Monday, April 18, 2011

Irish Religion and Irish Literature

To be brought up Roman Catholic in Ireland in my generation and before, was to be brought up with with a strange mix of observance of hard fast doctrine on the conduct of one's life, and a wonderful belief in fantastical superstiton.I think this has a great deal to do with the richness of Irish literature.Anything is possible in a reality that can be influenced by supernatural events, where excessive pain is directly associated with love, where the icons of gentleness are sometimes gruesome.

It's a mix that brands itself, smoking, on the soul.


Though birds have nested

among the thorns, and the trunk

has grown wild with ivy,

his arms and legs

are still outlined in those sinews,

his belly is a knot of growth.

Deep in the withered leaves

shines an eye; a fish swims there;

he who eats the fish lives forever.

They say he was nailed to the tree,

well above the ground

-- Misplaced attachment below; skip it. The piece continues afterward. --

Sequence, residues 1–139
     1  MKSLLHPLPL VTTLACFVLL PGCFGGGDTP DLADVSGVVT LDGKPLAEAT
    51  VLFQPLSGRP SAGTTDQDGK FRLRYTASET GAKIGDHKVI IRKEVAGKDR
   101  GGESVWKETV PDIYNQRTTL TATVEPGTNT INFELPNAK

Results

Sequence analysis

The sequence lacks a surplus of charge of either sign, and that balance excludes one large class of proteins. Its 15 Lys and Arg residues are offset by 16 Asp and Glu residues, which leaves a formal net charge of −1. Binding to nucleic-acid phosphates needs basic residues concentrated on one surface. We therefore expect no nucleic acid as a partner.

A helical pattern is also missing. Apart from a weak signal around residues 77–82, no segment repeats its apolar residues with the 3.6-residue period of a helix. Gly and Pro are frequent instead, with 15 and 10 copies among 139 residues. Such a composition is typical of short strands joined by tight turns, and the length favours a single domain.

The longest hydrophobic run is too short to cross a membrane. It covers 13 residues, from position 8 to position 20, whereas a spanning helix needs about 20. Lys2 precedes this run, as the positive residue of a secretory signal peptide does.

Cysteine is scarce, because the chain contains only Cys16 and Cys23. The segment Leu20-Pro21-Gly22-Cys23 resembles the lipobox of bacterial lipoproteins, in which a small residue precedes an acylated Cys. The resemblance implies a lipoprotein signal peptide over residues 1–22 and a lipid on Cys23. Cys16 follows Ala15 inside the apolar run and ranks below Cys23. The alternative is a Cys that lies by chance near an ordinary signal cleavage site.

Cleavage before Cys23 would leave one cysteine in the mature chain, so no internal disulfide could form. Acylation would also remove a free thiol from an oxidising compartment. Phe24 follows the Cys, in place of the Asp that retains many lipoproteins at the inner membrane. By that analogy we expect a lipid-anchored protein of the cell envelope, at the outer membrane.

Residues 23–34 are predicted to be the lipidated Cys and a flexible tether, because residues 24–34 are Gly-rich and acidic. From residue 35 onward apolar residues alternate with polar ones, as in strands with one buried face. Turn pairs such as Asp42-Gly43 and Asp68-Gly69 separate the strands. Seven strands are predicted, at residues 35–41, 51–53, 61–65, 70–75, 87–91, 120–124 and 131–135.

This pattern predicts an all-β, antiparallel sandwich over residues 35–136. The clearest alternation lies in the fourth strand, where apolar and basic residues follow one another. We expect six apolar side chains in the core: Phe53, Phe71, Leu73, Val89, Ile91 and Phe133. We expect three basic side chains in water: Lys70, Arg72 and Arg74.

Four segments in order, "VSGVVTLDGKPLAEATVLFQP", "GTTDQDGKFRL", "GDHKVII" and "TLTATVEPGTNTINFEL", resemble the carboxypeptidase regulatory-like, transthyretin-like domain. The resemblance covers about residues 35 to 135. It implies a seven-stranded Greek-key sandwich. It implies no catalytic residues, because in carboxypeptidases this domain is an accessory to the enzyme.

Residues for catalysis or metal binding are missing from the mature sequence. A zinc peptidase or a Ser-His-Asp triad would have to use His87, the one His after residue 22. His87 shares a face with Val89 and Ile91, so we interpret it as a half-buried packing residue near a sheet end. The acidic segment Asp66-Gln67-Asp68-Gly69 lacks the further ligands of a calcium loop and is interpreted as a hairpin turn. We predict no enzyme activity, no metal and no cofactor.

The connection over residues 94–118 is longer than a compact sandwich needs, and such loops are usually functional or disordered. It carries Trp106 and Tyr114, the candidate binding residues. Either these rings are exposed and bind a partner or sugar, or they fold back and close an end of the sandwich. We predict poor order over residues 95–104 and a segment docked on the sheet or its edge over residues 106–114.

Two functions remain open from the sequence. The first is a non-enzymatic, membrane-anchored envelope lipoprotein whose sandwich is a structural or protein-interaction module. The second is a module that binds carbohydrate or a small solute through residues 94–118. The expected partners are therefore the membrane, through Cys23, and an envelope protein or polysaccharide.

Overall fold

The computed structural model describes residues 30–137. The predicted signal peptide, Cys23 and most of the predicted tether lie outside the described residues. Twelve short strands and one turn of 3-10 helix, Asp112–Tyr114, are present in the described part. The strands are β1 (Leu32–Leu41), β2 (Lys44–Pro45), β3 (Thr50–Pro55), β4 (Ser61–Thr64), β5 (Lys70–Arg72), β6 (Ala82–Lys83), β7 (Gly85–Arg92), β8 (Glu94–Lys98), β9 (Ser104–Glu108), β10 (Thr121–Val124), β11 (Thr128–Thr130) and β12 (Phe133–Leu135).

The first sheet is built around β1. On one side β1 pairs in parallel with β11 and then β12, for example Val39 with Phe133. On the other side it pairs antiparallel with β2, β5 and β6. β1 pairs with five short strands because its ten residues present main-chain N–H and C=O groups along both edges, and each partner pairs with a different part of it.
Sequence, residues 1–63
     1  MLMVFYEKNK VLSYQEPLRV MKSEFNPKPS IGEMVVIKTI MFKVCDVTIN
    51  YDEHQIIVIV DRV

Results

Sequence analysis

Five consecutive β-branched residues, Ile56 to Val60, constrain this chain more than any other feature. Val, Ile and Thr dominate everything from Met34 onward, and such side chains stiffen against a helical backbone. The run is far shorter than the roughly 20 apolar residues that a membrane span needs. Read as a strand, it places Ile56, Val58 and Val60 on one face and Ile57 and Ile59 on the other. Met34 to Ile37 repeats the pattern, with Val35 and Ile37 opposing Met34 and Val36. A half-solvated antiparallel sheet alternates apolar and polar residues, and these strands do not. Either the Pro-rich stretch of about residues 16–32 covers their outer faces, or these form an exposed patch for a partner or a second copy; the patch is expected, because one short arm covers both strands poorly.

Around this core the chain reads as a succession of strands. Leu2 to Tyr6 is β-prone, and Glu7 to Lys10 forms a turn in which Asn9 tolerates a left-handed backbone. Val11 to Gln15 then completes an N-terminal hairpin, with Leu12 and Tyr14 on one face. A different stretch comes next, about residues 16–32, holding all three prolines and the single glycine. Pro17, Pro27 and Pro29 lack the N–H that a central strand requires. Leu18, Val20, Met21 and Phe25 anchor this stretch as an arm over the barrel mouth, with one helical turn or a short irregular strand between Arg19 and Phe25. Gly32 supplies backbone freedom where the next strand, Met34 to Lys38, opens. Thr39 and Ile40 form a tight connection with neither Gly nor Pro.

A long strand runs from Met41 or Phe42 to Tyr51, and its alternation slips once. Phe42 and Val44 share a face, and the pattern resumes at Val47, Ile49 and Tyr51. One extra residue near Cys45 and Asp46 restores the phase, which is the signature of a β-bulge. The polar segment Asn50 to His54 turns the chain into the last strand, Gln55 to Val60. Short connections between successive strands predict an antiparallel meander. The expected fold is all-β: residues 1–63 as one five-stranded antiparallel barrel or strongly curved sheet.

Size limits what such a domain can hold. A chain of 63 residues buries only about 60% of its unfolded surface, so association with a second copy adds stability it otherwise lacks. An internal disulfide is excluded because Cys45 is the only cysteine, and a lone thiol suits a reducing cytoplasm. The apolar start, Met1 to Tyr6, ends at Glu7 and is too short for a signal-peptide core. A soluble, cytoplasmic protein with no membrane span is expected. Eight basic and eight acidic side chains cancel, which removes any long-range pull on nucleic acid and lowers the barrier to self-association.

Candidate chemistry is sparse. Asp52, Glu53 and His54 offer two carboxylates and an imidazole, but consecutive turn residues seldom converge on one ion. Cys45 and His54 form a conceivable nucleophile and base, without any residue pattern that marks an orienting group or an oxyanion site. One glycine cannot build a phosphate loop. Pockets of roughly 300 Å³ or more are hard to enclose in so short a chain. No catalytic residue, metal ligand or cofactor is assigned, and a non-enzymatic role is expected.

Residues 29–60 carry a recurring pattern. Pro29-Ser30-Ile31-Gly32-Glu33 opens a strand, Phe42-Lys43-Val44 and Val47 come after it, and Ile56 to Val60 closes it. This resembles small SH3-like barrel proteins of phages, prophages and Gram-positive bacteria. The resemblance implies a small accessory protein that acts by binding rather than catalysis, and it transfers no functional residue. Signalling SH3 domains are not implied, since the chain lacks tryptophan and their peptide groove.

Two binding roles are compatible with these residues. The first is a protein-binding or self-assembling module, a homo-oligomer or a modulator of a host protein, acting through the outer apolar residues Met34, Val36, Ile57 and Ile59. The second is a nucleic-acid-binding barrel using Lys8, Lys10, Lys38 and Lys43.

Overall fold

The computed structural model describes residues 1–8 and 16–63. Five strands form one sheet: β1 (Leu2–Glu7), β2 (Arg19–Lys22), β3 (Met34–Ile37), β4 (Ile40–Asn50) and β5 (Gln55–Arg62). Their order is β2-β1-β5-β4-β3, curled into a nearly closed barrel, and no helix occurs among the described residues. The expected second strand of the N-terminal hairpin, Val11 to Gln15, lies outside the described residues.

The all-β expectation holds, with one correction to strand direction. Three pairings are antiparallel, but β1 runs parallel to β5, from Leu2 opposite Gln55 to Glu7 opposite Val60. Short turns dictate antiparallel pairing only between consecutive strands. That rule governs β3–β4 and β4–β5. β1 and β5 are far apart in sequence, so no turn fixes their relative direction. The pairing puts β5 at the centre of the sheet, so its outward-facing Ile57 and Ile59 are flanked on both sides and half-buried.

so a soldier could lance his side

to satisfy the crowds

that fish swim in rivers,

wishes swim in blood.

Thursday, April 14, 2011

Short Poems on Love and Life and Life Passing

Days scud by like clouds;
that generous wind
blows forever.

But it blew into a corner
where our days collected,
not clouds but leaves.


One bullet
and your universe went black.

One piece of metal,
the opposite to a key.


empty hangar
but for a step-ladder
and a bucket of oil.


Father’s Day:
her voice came into my head:
“Daddy’s Day”, she said.

I went to see if she was in her room;
it was 6am.
Can it really be so long ago?


After all, a house is just a box
without a human to rattle.


Your face: smoke.
Or was I holding it in smoke fingers?

Love crashed then receded.

Remember your face?
It might have been a heat haze in January.


Monday, April 11, 2011

Air Spectacular - Starlings over Lough Rea

I've always known that starlings leave Red Arrows for dead. But take a look at this footage from Lough Rea, it's awesome.(brilliant posting by BDaly1234 on YouTube)

And this is the perfect introduction for a poem called, Dead Starling:

Last evening starlings were
balloon bursting
cluster bombing
wheat whirling
skirt twirling
cape sweeping
out beyond the town.

This morning
a meteorite